Getters and Setters in Java

Getter and Setter are two conventional methods that are used for retrieving and updating value of a variable.By using getter and setter, the programmer can control how his important variables are accessed and updated in a correct manner, such as changing value of a variable within a specified range.

Providing getter and setter method for accessing any field of class in Java may look unnecessary  because you can make field public and it’s accessible from everywhere in Java program. In fact many programmers do this in there early days but once you start thinking in terms of enterprise application or production code, you will start seeing how much trouble it can create in terms of maintenance.

Getter and setter method gives you centralized control on how a particular field is initialized and provided to client which makes validation and debugging much easier. you can simply put a breakpoints or print statement to see which thread are accessing and what values are going out.

Rules for get/set:

  • The getter method’s prefix must be get, if the property is not of boolean type
  • The getter method’s prefix can be get or is, if the property is of boolean type
  • The setter method’s prefix must be set
  • The signature of the setter method must be public with void as return type, and an argument that represents the property type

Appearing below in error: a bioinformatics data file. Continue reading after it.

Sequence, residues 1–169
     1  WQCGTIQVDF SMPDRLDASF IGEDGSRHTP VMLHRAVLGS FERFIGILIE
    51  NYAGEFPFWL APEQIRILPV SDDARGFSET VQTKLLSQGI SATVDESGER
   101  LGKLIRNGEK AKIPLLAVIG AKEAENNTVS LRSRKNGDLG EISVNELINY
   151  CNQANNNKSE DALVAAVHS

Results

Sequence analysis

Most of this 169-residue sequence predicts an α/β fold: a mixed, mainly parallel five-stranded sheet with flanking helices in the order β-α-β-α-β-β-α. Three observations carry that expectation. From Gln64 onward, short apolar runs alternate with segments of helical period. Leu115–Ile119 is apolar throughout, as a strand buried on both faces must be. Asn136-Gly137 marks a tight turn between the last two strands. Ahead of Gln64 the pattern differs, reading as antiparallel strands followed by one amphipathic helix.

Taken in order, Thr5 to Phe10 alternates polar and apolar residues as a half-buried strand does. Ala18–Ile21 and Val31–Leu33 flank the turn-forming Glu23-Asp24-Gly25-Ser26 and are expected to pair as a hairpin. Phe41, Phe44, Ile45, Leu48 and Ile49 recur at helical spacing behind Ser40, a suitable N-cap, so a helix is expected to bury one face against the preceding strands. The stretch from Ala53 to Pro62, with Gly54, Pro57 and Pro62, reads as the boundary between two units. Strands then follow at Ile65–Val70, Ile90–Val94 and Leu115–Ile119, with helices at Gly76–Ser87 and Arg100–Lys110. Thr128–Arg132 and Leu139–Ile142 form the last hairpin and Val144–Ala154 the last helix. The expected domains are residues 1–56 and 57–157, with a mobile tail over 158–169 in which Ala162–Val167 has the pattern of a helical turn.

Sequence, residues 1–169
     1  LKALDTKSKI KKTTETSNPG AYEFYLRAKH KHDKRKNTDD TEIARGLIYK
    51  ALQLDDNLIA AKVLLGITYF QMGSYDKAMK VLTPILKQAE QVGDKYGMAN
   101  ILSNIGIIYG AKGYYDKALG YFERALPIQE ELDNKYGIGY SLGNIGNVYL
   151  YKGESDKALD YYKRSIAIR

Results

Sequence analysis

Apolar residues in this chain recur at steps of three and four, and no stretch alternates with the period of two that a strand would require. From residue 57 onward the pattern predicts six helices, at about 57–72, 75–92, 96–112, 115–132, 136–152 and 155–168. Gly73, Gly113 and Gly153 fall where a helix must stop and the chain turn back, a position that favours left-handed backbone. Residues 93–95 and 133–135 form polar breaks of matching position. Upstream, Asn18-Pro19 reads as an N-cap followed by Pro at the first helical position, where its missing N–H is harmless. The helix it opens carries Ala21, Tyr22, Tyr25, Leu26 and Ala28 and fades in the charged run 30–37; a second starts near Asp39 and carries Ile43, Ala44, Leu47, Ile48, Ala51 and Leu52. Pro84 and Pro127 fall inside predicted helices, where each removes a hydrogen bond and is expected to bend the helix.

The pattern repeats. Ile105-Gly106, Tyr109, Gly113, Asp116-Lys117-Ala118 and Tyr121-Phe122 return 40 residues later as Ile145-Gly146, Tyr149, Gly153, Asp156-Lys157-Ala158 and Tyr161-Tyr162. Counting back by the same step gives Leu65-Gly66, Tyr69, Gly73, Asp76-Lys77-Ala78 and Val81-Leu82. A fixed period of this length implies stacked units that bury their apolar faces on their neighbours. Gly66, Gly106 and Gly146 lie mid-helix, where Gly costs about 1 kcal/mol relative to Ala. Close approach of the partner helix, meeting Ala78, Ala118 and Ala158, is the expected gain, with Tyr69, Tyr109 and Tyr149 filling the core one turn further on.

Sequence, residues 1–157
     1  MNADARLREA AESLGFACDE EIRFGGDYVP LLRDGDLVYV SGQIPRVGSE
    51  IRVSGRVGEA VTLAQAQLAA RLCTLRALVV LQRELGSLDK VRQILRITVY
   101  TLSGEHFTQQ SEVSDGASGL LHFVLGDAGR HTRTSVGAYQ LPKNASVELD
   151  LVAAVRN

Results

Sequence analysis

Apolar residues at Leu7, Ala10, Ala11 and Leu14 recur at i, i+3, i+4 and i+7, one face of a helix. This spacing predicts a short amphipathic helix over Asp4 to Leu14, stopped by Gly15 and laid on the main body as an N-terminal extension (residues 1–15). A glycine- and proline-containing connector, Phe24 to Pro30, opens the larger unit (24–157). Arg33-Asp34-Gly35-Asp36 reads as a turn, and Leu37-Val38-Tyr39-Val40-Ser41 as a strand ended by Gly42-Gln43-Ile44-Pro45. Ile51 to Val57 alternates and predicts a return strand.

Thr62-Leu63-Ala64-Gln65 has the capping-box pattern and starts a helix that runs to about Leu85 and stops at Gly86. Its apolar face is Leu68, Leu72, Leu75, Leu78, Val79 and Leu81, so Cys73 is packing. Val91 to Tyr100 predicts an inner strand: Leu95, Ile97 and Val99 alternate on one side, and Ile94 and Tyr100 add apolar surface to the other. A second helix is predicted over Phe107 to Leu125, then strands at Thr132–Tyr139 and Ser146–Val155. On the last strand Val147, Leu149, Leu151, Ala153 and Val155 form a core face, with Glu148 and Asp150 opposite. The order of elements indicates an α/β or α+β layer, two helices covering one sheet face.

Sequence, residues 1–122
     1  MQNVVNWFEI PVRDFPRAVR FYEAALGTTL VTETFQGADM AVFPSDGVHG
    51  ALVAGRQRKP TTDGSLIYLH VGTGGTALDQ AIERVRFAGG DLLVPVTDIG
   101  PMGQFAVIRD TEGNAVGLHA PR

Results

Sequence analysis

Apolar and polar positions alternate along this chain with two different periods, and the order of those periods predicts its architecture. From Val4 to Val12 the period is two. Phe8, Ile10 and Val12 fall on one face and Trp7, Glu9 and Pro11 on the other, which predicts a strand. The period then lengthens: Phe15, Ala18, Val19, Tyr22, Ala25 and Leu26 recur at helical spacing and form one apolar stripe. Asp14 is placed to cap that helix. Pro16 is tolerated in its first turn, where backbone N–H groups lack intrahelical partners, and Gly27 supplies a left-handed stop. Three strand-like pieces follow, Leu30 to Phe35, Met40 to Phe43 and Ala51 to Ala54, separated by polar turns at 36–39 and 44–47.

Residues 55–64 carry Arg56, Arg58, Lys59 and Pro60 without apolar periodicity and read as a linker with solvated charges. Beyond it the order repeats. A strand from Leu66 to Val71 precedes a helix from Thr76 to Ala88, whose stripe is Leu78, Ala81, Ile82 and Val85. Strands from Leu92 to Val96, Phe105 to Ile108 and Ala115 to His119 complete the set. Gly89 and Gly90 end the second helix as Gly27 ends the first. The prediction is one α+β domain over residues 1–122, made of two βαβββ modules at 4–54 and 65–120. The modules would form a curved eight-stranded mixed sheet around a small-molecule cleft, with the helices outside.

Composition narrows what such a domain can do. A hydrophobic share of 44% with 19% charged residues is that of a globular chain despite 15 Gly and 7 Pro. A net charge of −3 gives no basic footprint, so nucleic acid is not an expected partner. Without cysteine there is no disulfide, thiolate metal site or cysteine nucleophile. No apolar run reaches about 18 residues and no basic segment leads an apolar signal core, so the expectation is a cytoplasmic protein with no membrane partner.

• The signature of the getter method must be public with no argument, and a return type matching the setter method of that property

Example:1

int num;
boolean visible;
public int getNum() {
return num;
}
public void setNum(int num) {
this.num = num;
}
public boolean isVisible() {
return visible;
}
public void setVisible(boolean visible) {
this.visible = visible;
}

Example:2

class Abc {
private int a;
public int b;
public int getA() {
return a;
   }
public void setA(int x) {
a = x > 100 ? 100 : x < 0 ? 0 : x;
   }
}
Abc obj = new Abc();
obj.setA(10000);
obj.b = 10000;

Example :3

class MyClass {
private int a;
public int getA() {
return a;
}
public void setA(int a) {
this.a = a;
}
}
MyClass obj1 = new MyClass();
obj1.setA(100);
//obj1 is the current context. Current context is the object in use.
MyClass obj2 = new MyClass();
obj2.setA(200);
//obj2 is the current context. Current context is the object in use.

In Java, current context in class is referred usingthis“. “this” becomes compulsory when member data and arguments shares a common name.

Example:4

class Employee {
String name;
String dept;
String desig;
public void setData(String a, String b, String c) {
name = a;
dept = b;
desig = c;
}
public void setData(String name, String dept, String desig) {
this.name = name;
this.dept = dept;
this.desig = desig;
}

public V/S get/set:

  • with get/set we have options of read or write or both. But, public data always have both the options
  • It is possible to validate the data with set. But, public data cannot be validated

Constructors :

Constructors are special member functions used for initialization of user define data types in multiple forms.

  • Same name as of a class
  • Does not have any return type, not even void
  • Executed automatically whenever an object is created (new)
  • Executed only once for an object

 Constructor Rules :

  • If we do not write a constructor, Java adds a default constructors that initializes all numeric member data is by default initialized by 0, boolean by false, charcter by space and reference type by null
  • Number of constructors in class = Number of ways objects can be created

 

For Complete programs of Getter & Setter and its Implementations visit P3lang GitHub Repo

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